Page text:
August 2, 2016
LinkedIn wants to be a social network you are visiting not just when you’re looking for a job. LinkedIn plans to reach this goal by opening the publication platform for all users in the…
LinkedIn wants to be a social network you are visiting not just when you’re looking for a job. LinkedIn plans to reach this goal by opening the publication platform for all users in the coming weeks and months.
LinkedIn has long offered this publishing power to a hand‐selected group of industry thinkers, leaders, and innovators, known as LinkedIn Influencers. But now practically anyone can access to its publishing platform to all users on its network.
“The influencer posts do well,” says LinkedIn’s Head of Content Products Ryan Roslansky, generating nearly 31,000 views and more than 80 comments on average. While the number of ‘Influencers’ on the platform has slowly grown, the vast majority of LinkedIn users have been unable to post their own thoughts and ideas in a similar format.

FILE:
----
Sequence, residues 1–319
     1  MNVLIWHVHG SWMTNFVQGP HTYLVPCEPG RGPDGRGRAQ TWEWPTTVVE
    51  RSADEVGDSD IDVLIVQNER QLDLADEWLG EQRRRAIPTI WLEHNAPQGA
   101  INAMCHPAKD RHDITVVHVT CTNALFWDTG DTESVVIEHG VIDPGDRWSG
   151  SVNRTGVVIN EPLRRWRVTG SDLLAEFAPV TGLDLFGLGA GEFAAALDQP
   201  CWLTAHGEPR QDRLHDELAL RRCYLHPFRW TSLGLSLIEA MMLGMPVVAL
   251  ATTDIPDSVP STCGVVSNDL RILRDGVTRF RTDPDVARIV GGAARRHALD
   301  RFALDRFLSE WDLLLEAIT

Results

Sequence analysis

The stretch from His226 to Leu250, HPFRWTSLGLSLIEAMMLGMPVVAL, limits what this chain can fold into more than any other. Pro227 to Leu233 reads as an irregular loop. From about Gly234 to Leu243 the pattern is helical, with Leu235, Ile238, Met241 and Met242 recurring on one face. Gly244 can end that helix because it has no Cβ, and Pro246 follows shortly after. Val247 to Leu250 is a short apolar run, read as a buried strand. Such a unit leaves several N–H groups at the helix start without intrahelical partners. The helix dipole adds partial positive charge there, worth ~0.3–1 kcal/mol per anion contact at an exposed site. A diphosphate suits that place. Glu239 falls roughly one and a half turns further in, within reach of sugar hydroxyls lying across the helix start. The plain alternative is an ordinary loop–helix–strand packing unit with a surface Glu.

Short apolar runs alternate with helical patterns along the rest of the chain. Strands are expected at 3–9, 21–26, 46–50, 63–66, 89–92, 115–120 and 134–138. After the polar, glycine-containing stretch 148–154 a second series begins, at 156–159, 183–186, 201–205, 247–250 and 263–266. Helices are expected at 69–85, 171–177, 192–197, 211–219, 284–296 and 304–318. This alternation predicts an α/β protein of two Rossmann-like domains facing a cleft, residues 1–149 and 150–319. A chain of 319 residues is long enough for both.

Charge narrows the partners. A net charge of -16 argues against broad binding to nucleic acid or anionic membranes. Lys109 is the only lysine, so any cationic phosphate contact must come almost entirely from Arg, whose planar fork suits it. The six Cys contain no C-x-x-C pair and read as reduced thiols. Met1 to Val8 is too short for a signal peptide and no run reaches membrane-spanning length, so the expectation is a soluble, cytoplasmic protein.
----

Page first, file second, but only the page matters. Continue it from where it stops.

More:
LinkedIn Influencer program was launched in late 2012 with 150 ‘thought leaders’, and has since grown that to around 500. Roslansky tells us the new open access to publishing on LinkedIn allows others to break into these more exclusive ranks by writing posts that find a wider audience engaging with and sharing their content.
“By opening the program to everybody, LinkedIn hopes its users will generate a steady stream of shareable content, providing a white‐collar twist on how Facebook supplies its users a continuous stream of pictures or links from their friends. With Influencers now broadened to many more writers, LinkedIn will use algorithms to identify articles that gain traction with readers and distribute those more broadly,” Roslansky said.
Roslansky, says the network tries to capture and share its “extremely valuable and varied experiences”. Giving the masses the ability to share content anytime also offers members more choices and more opportunities to share new content.
LinkedIn’s native content platform could trip over its other content efforts. The network also acquired news aggregation app Pulse. Offering members a choice is important, but unless LinkedIn can guarantee quality content from its members, the network runs the risk of courting content shock.
It will take some time before LinkedIn can call this move a success, but if the network can take advantage of its members’ eagerness to be heard, LinkedIn could position itself as an important and influential media force.
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